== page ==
By now, everyone is aware that the Curiosity landed on Mars and that Mohawk Guy was pretty happy about it all. What you might not know is that the Sample Analysis at Mars unit (SAM for short) which is on the Mars rover was developed at the NASA Goddard Site, just outside of Washington, D.C.  They had a big pre-landing open house event at the Goddard Visitors Center and I took the Shortlings to it a few weeks back.  The Dormouse really wanted to attend the Watch The Landing Event there as well, but you had to register for a space and by the time I logged into the website it was fuller than full.  And also, it was scheduled for 3 am, so just between you and me, I was kinda happy it was full when I tried to register.  Shh.

The girls got to sit inside a full size mock-up of the Gemini Command Module.  They thought that was pretty cool.  As did I.

My favorite story about this day has to be when I walked up to a volunteer sitting at the "Goldilocks Planets" table and pushed the girls forward so the volunteer could talk to them about planets that are not too hot and not too cold.  She took a look at the girls, picked up her notes, turned the papers over a few times in her hands, then looked up at me and said, "Do you understand any of this stuff?"

Perhaps a small bit of training for your event volunteers is in order, NASA.

There was also an hilarious question and answer period with the scientists and engineers who developed the SAM.  Some of the questions included:

  • Do you believe there is water on Mars? (asked by an adult person)
  • Is there really a giant face on Mars and who put it there? (asked by an adult person)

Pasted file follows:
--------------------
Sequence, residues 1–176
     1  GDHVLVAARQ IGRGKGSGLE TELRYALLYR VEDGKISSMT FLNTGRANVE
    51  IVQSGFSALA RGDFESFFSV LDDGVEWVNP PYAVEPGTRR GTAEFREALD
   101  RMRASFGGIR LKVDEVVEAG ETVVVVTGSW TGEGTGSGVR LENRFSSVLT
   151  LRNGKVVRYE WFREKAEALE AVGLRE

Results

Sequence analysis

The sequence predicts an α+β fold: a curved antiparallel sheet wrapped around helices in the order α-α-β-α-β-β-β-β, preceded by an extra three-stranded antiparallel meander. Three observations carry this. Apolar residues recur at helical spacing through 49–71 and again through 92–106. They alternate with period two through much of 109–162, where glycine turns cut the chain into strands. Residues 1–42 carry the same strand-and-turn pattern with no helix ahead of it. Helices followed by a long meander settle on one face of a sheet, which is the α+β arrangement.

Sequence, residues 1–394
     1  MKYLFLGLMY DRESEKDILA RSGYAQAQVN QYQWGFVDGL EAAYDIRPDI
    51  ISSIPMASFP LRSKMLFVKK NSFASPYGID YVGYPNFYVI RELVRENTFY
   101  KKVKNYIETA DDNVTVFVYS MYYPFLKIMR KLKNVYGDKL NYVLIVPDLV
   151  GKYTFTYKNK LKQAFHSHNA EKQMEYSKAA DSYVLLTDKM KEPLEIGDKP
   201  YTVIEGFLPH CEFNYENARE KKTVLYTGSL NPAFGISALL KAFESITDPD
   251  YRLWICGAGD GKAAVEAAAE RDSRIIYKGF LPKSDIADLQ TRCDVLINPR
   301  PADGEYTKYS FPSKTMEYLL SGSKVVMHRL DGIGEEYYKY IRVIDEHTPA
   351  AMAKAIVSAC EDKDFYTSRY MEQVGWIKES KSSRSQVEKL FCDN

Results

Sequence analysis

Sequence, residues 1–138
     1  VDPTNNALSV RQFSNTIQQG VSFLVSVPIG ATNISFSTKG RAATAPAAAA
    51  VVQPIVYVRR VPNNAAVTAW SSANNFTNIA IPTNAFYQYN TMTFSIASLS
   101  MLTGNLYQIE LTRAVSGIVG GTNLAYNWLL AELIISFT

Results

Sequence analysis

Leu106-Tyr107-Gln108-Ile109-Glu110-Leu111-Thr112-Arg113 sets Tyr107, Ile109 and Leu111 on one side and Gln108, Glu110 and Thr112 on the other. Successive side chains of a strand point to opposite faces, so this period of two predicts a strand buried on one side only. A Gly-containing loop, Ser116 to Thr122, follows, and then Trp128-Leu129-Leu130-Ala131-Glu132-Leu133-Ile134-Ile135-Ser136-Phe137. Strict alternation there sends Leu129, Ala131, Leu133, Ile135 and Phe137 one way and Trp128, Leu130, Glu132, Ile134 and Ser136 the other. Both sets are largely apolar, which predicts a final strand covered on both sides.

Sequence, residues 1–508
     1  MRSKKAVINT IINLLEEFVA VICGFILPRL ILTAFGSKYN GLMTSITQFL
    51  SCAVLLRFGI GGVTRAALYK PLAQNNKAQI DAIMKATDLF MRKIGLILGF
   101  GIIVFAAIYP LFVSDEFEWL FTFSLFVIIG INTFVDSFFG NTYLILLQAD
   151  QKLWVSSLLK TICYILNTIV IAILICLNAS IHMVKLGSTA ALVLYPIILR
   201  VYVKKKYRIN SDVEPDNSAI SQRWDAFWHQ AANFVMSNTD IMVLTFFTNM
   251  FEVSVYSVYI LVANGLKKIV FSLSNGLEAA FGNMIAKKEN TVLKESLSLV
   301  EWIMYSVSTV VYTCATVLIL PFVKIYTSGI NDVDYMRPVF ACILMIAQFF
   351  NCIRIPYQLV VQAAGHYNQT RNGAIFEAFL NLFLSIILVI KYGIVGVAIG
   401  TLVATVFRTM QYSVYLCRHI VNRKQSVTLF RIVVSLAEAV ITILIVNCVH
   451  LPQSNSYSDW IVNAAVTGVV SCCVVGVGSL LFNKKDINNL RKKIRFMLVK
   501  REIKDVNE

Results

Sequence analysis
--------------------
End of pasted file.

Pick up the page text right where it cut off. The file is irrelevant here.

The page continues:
• Are you sure there's water on Mars? (asked by an adult person)
  • If you break open a rock on Mars and squeeze out the water, can you drink it? (asked by an adult person)
  • How long will it take for a spacecraft to travel to Mars? (asked by The Caterpillar, age four)
  • If you could send a person to Mars, how long would it take to get there? (asked by an adult person directly after listening to the answer to the question The Caterpillar had just asked)

The most amazing thing about the question and answer period is the patience with which those scientists answered all the questions.

But they did have a lot for the kids to do and we eventually met some pretty awesome people. Like this guy, who froze a bunch of stuff in liquid nitrogen for my kids because they missed the actual demonstration he and his colleagues had presented and they were disappointed.  So he pulled out all the stuff he'd just put away and did as much of the demonstration as he could reproduce for them again while his colleagues packed up and left.  Then he patiently obliged when The Dormouse continually asked what would happen to various items in liquid nitrogen, by saying, "Well, let's test it out.  That's what science is all about, afterall." And then he actually stuck those various items in the liquid nitrogen to show them what would happen.

I love this guy.

Also, I love his shirt.

There were some other fun activities for kids, like making Mars cookies,

learning how the Mars rover will pick up core samples, by drilling through various candy bars with straws,

and dropping ping pong balls and tennis balls into hot chocolate mix and flour to figure out how the craters on Mars were made.

That guy's shoes were a mess by the end of the day.

Clearly, though, my favorite thing about the Goddard center is it's Rocket Garden.  Because who doesn't want a Rocket Garden in their backyard? No one, that's who!

The Dormouse peering into a model of the Apollo Command Module
An early sounding rocket.  I believe this one is the Iris.
Delta Launch Vehicle glistens in the sun